Only then is she able to talk more to her fans as if they were old college buddies (“I’ve been thinking of you guys”). At the first of two sold out shows at Maryland’s FedEx Field for what she said was her 24th show in the area, she thanked fans for allowing her to go from teenage country sweetheart to high-volume pop music force. But she returned to her acoustic guitar roots all the same, with a spare version of “So It Goes…” from the new album and something from her Red album a half dozen years back that she hasn’t played for a while, “State of Grace.”

It was the rare moment of surprise and intimacy in a massive show whose every moment is plotted for maximum crowd convulsion. It’s audacious for a show this big to still largely be a vehicle to sell a new album, and playing 12 songs from Reputation (skipping only three of its tracks) meant squishing old favorites into medleys.

It was all fine with the audience of young girls, their indulgent parents, and a few guys, all excited for the big show and some decked out in a kind of Taylor cosplay, which ran from the troubling sight of grade schoolers in fishnets and lipstick to someone in full witch costume to one old guy in what looked to be an exploded newspaper.

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Play Something Good with John Foster

The Vinyl District’s Play Something Good is a weekly radio show broadcast from Washington, DC.

Featuring a mix of songs from today to the 00s/90s/80s/70s/60s and giving you liberal doses of indie, psych, dub, post punk, americana, shoegaze, and a few genres we haven’t even thought up clever names for just yet. The only rule is that the music has to be good. Pretty simple.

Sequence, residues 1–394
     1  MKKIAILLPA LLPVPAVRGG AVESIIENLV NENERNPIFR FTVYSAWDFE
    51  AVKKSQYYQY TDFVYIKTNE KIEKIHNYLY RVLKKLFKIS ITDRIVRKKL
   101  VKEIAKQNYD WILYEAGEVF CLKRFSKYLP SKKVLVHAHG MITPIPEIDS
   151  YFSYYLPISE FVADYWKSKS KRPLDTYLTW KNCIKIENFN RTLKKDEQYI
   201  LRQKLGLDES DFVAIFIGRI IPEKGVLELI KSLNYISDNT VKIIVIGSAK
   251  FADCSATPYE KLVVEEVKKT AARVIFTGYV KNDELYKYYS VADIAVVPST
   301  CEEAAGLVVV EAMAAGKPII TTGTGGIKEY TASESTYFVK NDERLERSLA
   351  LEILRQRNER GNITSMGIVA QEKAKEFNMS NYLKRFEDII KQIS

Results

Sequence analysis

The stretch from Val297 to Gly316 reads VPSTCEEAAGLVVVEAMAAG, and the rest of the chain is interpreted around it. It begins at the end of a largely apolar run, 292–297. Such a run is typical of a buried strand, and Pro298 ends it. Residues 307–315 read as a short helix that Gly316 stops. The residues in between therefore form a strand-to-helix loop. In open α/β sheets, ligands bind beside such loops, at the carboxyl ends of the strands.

Hosted by John Foster, world-renowned designer and author (and occasional record label A+R man), don’t be surprised to hear quick excursions and interviews on album packaging, food, books, and general nonsense about the music industry, as he gets you from Jamie xx to Liquid Liquid and from Courtney Barnett to The Replacements. The only thing you can be sure of is that he will never ever play Mac DeMarco. Never. Ever.

Read More »

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TVD Live: The Feelies at the 9:30 Club, 6/22

PHOTO: DOUG SEYMOUR | The fast jangle and hypnotic rhythms of The Feelies is not just a warm throwback to 1980s when their first album ushered in a precise kind of frantic nerd rock, influencing a number of other bands. By now, the band is a standard-bearer for an enduring strain of New York rock. With its droning chords, flighty solos, pounding drums, and deadpan vocals, it’s the closest thing to the Velvet Underground in the 21st Century.

It’s a homage the quintet acknowledged in its splendid and generous return performance at the 9:30 Club Friday night. Two of the four covers in their series of encores were from the Velvets. And the harder rocking selections from their latest material from their 2017 album In Between forge the same heady path, particularly the title song. It was presented, as on the album, in two ways, the original and in an expanded psychedelicized version in the encores. By the end, Glenn Mercer was rubbing his guitar neck against the microphone, which you wouldn’t have expected such a reserved person to do.

Mercer is paired with the similarly bespectacled and overly reserved Bill Million, with Mercer taking on all the lead vocals and most of the lead guitar work, as Million adds the textures of his rhythmic guitar. The two barely spoke to the crowd and could scarcely bring themselves to even look up at them, despite the adoration.

To their left, Brenda Sauter began the show creating tones on guitar on the opening “When Company Comes.” She became a third percussionist late in the show, hitting a standing tom. But mostly she played bass, sang some harmonies, and acted like Earth translator for the rest of the front line, saying thanks from time to time. “You make us feel so welcome,” she said at the outset.

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  • SUPPORTING YOUR LOCAL INDIE SHOPS SINCE 2007